The Food and Drug Administration (FDA) says that the instruments used to place surgical mesh during some women’s surgery procedures should be subject to stricter requirements to be sure the tools are safe and effective when used in surgery.
The FDA turned to an expert panel—the Gastroenterology-Urology Devices Panel of the Medical Devices Advisory Committee—for advice about whether to move these tools from the lowest-risk category to class II, the category that means an intermediate risk of harm.
The tools in question are used to place medical mesh devices that treat pelvic organ prolapse (POP) or stress urinary incontinence (SUI). These conditions occur when an organ such as the bladder drops from its normal place in the lower belly and pushes against the walls of the vagina. POP and SUI happen when the muscles that hold the woman’s organs in place get weak or stretched from childbirth or surgery, WebMD says. The woman can have pain, bladder and bowel problems, and painful sexual intercourse. A transvaginal mesh, or pelvic mesh, device can be implanted to provide support to the organs and remedy the problem.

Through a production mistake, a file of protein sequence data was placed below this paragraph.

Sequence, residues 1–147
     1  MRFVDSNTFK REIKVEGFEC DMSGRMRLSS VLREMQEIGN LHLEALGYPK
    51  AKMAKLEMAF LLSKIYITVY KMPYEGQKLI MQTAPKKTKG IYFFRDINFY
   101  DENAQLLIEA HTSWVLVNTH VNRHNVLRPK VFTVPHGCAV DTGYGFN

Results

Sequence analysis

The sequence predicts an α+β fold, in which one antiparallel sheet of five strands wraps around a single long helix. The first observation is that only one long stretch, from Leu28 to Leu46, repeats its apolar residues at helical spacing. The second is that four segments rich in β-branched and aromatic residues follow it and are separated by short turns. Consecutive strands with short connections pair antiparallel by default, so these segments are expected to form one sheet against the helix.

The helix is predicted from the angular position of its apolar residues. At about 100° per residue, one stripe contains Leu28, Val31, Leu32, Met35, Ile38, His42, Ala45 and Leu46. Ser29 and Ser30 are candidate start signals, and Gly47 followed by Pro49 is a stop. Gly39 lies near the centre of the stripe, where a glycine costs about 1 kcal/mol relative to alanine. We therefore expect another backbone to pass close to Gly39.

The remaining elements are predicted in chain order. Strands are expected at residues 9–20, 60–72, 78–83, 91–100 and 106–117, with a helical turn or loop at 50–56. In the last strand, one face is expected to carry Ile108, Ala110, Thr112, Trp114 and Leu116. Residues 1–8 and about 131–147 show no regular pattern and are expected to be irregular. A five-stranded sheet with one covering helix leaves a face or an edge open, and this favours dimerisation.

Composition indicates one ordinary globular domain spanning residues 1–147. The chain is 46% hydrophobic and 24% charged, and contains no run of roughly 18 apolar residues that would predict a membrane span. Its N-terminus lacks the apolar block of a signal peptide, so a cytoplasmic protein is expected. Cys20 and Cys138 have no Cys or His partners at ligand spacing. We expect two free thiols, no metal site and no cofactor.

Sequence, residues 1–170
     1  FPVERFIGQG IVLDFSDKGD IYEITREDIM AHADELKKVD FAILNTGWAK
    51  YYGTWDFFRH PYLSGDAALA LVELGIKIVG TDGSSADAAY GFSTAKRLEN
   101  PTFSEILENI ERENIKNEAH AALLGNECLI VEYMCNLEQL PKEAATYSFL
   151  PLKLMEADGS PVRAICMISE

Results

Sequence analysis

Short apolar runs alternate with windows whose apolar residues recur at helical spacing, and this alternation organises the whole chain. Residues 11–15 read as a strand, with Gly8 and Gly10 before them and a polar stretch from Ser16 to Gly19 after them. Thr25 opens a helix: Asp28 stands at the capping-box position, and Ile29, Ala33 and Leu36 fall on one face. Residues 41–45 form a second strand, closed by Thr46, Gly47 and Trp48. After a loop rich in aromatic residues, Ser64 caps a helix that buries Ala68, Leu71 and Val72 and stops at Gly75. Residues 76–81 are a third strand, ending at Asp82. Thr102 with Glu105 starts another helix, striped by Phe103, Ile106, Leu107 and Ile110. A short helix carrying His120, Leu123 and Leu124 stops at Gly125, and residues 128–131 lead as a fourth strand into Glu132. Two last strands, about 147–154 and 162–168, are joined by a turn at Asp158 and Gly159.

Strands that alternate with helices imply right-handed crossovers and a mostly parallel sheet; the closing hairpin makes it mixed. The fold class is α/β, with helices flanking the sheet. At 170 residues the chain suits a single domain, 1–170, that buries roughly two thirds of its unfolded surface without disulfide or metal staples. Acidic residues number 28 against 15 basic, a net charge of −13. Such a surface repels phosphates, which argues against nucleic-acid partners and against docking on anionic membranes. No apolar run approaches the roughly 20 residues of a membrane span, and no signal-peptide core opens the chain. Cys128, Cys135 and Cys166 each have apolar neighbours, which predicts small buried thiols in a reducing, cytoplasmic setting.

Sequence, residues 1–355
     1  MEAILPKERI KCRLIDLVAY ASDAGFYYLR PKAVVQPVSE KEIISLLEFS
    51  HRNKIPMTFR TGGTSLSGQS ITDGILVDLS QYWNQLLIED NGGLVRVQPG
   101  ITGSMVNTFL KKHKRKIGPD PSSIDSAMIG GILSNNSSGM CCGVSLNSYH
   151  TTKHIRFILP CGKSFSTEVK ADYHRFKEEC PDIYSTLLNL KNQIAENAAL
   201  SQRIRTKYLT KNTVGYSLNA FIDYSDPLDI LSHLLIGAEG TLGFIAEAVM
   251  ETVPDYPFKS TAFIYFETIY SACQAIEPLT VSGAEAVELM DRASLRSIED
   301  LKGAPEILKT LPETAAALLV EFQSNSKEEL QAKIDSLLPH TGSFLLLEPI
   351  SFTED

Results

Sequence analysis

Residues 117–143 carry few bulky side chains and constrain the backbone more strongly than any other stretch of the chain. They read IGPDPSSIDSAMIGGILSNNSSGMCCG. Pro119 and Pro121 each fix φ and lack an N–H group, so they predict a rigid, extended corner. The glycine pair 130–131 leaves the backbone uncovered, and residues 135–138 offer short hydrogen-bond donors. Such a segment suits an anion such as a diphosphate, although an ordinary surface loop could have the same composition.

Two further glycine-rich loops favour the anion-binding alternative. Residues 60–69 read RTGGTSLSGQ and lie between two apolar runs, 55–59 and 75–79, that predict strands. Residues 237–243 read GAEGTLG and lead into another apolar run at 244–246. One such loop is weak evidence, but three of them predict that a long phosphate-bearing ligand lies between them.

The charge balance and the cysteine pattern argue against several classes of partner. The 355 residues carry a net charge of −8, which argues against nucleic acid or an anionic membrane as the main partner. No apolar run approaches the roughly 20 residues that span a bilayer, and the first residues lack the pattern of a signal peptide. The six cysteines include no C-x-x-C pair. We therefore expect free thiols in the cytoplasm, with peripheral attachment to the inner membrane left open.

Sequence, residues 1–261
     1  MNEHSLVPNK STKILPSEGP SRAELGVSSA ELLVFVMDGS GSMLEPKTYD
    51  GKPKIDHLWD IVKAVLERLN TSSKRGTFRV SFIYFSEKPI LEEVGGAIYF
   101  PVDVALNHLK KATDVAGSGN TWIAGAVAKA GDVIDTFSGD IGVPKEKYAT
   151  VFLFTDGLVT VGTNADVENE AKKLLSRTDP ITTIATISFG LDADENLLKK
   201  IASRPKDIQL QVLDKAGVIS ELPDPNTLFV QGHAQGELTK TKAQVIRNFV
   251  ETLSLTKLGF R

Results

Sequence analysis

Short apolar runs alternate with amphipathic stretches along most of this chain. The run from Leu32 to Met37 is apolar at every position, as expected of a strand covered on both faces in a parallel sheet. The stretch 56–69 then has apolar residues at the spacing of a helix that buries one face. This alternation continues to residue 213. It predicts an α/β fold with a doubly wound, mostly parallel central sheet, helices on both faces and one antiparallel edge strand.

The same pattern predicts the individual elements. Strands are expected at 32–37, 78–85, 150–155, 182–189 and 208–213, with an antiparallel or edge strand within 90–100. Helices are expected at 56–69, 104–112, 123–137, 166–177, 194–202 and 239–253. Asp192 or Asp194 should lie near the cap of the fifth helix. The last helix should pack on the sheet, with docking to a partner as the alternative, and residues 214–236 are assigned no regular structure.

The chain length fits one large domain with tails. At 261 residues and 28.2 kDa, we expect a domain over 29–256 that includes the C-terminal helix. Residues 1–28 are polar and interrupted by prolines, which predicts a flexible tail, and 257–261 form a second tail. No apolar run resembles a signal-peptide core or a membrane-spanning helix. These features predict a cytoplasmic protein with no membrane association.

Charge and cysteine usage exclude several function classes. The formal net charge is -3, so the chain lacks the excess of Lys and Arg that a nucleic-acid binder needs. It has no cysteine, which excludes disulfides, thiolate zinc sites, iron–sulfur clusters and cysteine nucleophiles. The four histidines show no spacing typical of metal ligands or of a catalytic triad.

But many women experience problems with the mesh devices, including pain, infection, and bleeding. The mesh can become embedded in other organs. Sometimes the mesh implant makes the original problem worse not better and many women have needed additional surgery to remove the mesh or correct the problems it caused. Thousands of women have filed lawsuits against the makers of mesh devices over their injuries, according to Medscape.
Some of the injuries reported to the FDA seem to have been caused by problems with the surgical tools. Forty-five reports involved a device fragment in the patient; in 10 reports, a piece of material that could not be absorbed was left in a body. Just over 250 of the reports were about a detachment of a device, and 141 were for a tool breaking.
The FDA panel agreed that the surgical tools should be upgraded to class II. The committee said the devices should be subject to special rules requiring manufacturers to provide reasonable assurance that the tools are safe and effective. Manufacturers must give the FDA performance data to show that the tool functions properly over its whole shelf life and that it performs as intended in the expected conditions of use. The panel agreed that the surgical tools should be under stricter regulations but panel members also said they thought most of the injuries were due to poor surgical skill. Panel members called for more guidance and training for doctors who perform these operations.
The FDA will make a final decision about whether to move the surgical tools to class II after considering the panel’s recommendations, the available evidence, and public comments it has received, Medscape says.